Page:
Defense secretary faces intense scrutiny over hospital stay that was not disclosed to key officials

Jan 7, 2024, 3:13 PM

U.S. Secretary of Defense Lloyd Austin makes a joint statement in Tel Aviv, Israel, on Monday, Dece...

U.S. Secretary of Defense Lloyd Austin makes a joint statement in Tel Aviv, Israel, on Monday, December 18. (Maya Alleruzzo, Associated Press)

(Maya Alleruzzo, Associated Press)

(CNN)Secretary of Defense Lloyd Austin faced sharp criticism on Sunday as details emerged about the degree to which senior officials, including President Joe BidenSecretary of State Antony Blinken and Deputy Secretary of Defense Kathleen Hicks, were left in the dark about Austin’s multiday hospital stay.

Austin was admitted to the hospital on New Year’s Day due to complications from an elective surgery, but Biden was not informed that his civilian leader of the military was hospitalized until January 4, when national security adviser Jake Sullivan told him, according to a source familiar with the matter.

Hicks, who began assuming some of Austin’s responsibilities on January 2, did not know that it was because Austin was hospitalized, two defense officials told CNN. Hicks was on vacation in Puerto Rico at the time and was not informed of Austin’s hospitalization until the afternoon of January 4, the officials said.

Blinken, in response to a reporter’s question at a news conference in Qatar on Sunday, said he “wasn’t aware” of Austin’s medical issue at the time.

“I talked to Lloyd last weekend before this incident and I know that he’s put out a statement addressing it,” Blinken said.

Republicans, including former Vice President Mike Pence, had harsh words for Austin.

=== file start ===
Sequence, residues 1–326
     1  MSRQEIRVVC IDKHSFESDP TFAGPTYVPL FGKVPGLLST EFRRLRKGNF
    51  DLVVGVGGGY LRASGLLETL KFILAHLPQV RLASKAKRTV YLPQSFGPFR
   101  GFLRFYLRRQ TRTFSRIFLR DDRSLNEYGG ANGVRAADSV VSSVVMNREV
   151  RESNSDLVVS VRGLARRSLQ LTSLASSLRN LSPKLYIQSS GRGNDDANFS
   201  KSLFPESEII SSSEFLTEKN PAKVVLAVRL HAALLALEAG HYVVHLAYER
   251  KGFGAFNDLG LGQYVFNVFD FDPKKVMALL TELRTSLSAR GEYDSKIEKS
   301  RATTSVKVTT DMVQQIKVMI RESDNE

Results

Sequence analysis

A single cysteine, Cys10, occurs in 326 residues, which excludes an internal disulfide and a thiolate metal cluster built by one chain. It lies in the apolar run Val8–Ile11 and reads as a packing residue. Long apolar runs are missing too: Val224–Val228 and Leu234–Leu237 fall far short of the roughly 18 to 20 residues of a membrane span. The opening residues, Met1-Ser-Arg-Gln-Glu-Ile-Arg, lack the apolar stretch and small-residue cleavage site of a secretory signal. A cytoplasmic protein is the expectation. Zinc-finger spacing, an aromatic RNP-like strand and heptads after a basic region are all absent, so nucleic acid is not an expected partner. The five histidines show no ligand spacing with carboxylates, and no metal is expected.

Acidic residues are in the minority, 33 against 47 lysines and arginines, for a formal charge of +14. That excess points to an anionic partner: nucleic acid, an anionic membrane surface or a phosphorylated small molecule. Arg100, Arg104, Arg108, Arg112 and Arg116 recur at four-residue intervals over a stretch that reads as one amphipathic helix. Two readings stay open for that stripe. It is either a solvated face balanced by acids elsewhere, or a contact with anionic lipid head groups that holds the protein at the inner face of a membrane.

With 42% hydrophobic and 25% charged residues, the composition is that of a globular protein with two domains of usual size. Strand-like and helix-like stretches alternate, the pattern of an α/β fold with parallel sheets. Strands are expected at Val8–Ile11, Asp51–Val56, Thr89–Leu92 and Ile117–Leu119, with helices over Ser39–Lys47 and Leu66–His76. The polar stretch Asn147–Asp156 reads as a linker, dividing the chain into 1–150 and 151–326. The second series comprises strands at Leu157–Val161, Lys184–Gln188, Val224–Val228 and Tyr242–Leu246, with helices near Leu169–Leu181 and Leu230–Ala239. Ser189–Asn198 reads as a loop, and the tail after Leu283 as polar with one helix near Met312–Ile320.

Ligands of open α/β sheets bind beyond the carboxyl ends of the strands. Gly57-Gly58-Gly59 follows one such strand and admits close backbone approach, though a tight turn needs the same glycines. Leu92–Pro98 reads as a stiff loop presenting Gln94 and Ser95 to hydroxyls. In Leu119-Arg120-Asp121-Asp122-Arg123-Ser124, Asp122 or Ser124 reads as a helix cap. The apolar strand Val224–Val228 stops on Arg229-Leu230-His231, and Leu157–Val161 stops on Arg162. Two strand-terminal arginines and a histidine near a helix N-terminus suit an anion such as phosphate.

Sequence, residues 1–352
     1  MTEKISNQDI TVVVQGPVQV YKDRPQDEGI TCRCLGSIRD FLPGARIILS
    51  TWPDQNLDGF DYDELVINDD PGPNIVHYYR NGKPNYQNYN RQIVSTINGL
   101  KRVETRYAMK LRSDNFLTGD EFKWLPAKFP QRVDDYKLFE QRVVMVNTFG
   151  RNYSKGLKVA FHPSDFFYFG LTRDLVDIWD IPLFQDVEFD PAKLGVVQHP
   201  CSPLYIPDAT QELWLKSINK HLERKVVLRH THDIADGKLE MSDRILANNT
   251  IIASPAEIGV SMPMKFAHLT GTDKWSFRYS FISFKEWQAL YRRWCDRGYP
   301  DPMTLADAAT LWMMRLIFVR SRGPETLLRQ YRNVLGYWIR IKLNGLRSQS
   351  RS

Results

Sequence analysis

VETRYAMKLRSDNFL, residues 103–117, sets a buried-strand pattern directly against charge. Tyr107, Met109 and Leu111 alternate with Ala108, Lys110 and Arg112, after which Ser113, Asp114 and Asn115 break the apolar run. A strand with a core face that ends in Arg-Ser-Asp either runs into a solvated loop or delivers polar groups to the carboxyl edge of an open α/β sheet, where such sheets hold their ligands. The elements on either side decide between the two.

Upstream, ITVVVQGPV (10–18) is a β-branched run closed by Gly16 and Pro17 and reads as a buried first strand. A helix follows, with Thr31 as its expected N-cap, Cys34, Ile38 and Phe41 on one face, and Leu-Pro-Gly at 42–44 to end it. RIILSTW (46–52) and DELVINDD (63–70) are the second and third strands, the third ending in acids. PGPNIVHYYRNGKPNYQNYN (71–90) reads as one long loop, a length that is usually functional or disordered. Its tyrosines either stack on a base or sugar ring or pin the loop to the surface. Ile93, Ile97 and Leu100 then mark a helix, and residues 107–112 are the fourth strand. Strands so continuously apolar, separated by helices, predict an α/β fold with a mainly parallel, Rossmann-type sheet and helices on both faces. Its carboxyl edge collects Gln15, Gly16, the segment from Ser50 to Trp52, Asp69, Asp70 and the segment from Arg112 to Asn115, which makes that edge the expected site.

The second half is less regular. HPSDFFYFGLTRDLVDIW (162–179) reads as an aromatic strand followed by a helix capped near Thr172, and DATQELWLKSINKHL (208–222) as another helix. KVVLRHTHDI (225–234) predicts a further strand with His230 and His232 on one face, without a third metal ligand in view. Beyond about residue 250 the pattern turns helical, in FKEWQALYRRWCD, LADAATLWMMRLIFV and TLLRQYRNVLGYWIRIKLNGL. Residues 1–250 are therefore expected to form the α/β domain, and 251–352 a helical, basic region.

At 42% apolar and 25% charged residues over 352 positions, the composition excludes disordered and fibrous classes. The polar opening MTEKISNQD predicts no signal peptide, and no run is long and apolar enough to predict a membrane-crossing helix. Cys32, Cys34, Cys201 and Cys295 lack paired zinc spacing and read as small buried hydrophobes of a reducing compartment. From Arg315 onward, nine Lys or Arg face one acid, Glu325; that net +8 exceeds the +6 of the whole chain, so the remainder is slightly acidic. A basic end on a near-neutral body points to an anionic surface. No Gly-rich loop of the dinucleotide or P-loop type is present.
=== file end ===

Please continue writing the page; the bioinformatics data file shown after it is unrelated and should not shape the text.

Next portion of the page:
“I believe the American people have the right to know about his medical condition, about the reasons for it,” Pence told CNN’s Jake Tapper on “State of the Union,” characterizing Austin’s actions as a “dereliction of duty.”

Pence said that he wishes Austin well but said the lack of transparency was “totally unacceptable.”

Sen. Roger Wicker, the highest-ranking Republican on the Senate Armed Services Committee, expressed similar sentiments in a statement released Saturday.

“I am glad to hear Secretary Austin is in improved condition and I wish him a speedy recovery. However, the fact remains that the Department of Defense deliberately withheld the Secretary of Defense’s medical condition for days. That is unacceptable,” the Mississippi Republican said.

Wicker said the lack of transparency regarding Austin’s hospitalization “erodes trust in the Biden Administration.”

He added, “Worryingly, we now have more questions than answers. Why was the notification process under 5 U.S.C. 3349 not followed and who made the determination not to follow it?”

5 U.S.C. 3349 is the US code for reporting vacancies in an office, which applies to the head of each executive agency.

Republican Sen. James Lankford of Oklahoma called the lack of disclosure over Austin’s hospitalization “shocking.”

“It’s pretty shocking on this because when you’re the secretary of defense, you need to make everyone aware that you’re actually going out of pocket,” Lankford said on “Fox News Sunday.”